An acidic understanding of Preservation Society
“On our rider, it was Jameson. Always.”
It is hard to imagine Camilla Wynne as a young musician, serenading crowds across the globe with ethereal songs such as “Us Ones In Between.” In those days, touring with the art-rock band Sunset Rubdown, her list of instruments included the melodica, glockenspiel, and digital autoharp. Her food of choice was often fast and regional, decided more by tour dates than personal preferences – eating barbeque shrimp in New Orleans or toasted ravioli in St louis. Her drink menu was limited to Jameson Whiskey.
Now, as a writer, pastry chef, and certified master preserver, Camilla’s instruments of choice are stainless steel pots, wooden spoons, and rolling pins. She has settled into an apartment in Toronto’s west-end and takes pride in cooking well-curated meals. Her liquor cabinet is flush with a wide range of whiskeys, gins, liqueurs, and bitters.
After her music career, Camilla established herself by creating the company Preservation Society, which makes cocktail-inspired preserves. I’ve tried them. They’re fantastic. I was particularly impressed with her take on a Manhattan Marmalade and her Black Cherry Cocoa Nib jam.
Preservation Society opened up a whole new world of flavour for me. I’m used to being treated to jams which hit on one, monotonous, painfully sweet note. Like a song with too many major chords (the ones that typically make people feel happy and grand), most jams and preserves are forgetful and leave me emotionally unaffected. But this was not the case for the nuanced and complex preserves which are commonplace for a Preservation Society production run.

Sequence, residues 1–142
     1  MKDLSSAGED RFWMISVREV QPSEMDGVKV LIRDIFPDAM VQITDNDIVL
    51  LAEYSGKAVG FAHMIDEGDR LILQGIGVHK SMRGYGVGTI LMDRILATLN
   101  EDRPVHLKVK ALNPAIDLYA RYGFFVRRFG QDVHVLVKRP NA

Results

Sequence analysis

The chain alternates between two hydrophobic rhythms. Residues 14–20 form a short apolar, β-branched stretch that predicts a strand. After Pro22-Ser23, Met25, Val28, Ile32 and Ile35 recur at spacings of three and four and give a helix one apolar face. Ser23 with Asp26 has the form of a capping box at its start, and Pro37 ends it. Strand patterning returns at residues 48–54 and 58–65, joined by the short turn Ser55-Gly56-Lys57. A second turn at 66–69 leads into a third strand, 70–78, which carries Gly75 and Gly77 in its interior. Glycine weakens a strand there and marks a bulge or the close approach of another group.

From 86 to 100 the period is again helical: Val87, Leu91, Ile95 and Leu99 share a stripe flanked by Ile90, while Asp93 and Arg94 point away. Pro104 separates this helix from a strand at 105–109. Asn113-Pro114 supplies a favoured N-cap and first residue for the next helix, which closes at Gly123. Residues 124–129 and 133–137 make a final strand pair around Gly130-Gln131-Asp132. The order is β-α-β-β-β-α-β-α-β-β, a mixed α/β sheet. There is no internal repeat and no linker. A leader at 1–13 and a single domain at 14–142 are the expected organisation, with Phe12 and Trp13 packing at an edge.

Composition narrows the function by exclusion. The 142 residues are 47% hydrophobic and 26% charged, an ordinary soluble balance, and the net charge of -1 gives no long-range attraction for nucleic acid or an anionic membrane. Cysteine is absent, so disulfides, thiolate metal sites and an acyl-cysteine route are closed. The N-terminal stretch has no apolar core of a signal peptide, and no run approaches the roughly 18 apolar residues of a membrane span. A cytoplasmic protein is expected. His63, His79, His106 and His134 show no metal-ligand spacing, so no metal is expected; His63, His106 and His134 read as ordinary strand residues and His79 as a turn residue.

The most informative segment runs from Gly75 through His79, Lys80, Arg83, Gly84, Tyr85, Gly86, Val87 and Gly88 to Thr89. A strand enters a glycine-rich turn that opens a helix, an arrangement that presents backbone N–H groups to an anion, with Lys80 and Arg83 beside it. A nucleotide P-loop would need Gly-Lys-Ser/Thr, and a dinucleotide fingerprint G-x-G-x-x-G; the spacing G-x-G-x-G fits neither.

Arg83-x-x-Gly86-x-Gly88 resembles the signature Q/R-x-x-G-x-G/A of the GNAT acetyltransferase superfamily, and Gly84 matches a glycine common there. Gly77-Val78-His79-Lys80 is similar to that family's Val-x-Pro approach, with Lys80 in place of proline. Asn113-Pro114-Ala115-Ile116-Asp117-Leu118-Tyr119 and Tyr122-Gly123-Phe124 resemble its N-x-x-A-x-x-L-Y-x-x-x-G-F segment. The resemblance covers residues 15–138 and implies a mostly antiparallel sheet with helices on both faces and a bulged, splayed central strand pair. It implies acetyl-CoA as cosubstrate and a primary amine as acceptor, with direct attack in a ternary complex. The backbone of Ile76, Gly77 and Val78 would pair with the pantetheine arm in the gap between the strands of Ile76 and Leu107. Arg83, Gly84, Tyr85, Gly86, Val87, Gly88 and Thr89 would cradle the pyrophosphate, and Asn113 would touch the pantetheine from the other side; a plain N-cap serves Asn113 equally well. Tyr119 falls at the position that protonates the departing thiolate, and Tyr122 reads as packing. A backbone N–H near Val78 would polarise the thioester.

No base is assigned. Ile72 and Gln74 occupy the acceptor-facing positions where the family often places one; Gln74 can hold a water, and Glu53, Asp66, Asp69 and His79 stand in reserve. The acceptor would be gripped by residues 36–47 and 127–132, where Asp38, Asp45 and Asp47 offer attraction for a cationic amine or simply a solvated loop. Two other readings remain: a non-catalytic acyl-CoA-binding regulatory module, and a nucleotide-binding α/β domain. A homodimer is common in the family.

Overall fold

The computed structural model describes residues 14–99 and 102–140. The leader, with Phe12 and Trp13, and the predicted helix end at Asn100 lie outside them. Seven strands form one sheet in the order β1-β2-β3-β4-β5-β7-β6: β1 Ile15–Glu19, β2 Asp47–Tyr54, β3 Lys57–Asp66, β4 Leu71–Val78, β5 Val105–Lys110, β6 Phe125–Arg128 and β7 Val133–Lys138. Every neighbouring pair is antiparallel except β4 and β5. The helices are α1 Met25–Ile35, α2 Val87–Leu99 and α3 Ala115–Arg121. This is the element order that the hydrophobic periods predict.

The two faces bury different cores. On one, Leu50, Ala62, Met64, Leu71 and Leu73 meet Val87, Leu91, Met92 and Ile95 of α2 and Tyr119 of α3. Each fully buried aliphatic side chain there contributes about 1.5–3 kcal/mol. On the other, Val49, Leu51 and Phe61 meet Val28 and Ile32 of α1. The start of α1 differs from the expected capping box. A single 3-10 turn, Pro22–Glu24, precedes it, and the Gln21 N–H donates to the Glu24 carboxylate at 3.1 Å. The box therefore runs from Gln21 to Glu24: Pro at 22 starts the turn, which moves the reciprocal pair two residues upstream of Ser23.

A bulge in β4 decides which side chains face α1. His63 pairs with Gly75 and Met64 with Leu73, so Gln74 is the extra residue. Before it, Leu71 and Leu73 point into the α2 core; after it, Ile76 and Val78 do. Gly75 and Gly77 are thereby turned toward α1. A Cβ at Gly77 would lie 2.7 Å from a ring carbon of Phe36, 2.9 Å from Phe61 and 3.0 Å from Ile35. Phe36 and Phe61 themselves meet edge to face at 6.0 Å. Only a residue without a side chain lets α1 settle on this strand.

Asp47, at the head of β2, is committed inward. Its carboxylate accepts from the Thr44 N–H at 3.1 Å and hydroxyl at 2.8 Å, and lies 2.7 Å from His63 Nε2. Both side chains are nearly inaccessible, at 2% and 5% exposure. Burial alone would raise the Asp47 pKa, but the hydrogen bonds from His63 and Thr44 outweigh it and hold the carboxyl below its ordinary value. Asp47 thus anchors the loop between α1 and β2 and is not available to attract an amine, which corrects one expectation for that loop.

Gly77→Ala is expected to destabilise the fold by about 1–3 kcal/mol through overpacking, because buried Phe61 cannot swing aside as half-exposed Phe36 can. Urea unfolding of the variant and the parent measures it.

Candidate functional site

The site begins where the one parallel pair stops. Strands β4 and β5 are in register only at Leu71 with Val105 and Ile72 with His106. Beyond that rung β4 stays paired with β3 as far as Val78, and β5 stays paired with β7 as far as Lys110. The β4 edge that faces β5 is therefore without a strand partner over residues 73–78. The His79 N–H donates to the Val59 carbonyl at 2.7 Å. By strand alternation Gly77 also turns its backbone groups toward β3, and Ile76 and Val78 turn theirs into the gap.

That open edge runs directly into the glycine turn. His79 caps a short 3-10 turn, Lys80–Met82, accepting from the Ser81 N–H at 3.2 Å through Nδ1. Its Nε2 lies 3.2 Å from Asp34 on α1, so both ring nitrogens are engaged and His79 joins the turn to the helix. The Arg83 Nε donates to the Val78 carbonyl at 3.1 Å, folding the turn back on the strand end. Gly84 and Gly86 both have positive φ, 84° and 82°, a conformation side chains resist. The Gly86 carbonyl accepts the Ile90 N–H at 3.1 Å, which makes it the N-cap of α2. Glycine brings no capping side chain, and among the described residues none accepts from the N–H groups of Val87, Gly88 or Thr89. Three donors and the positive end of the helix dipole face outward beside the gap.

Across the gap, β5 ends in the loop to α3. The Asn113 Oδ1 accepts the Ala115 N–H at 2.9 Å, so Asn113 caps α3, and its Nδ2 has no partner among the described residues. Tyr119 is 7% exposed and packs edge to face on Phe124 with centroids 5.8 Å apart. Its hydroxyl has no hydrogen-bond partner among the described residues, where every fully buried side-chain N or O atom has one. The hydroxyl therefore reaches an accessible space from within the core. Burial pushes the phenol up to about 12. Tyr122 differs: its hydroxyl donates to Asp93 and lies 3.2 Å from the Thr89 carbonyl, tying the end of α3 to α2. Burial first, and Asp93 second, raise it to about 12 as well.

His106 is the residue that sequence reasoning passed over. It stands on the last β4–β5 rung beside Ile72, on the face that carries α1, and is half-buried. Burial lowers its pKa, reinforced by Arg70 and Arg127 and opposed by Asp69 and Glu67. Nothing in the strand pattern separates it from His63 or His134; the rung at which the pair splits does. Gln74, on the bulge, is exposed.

I expressed my previous, sometimes grotesquely sweet experience of jam with Camilla and she was quick to confirm what I had begun to expect.
“There needs to be some acidity in there, for sure,” she said, and went on to explain, “One thing that happens when you cook a fruit is it will lose a lot of its acidity, or at least the bright acidity it has when its fresh. I like the flavour of cooked fruit, but when you’re trying to recreate a cocktail where they use fresh citrus juice you want that punchy fresh acidic quality, so I use citric acid.”
It makes a lot of sense. Camilla adds acidity to her preserves for the same reason people salt their steaks or season their vegetables. It isn’t just to introduce an extra layer to a meal, it’s to compliment pre-existing flavours and bring out the full potential of any given culinary endeavour.
Acid League and Preservation Society are currently working on a new line of limited-edition vinegar-based preserves. We hope, and Camilla seems confident, that the resulting preserves will be orchestral in their execution (my words, not hers). But seriously, these preserves will not only satisfy your palette, but will also leave you intellectually engaged and emotionally effected.
Are you jealous of her bar? Because I’m jealous of her bar. The skull is a nice touch as well.
A small assortment of preserves and ferments which Camilla had in her apartment.
Fun fact: The Kinks are one of Camilla’s favourite bands and the name for Preservation Society was partly inspired by their song “The Village Green Preservation Society.”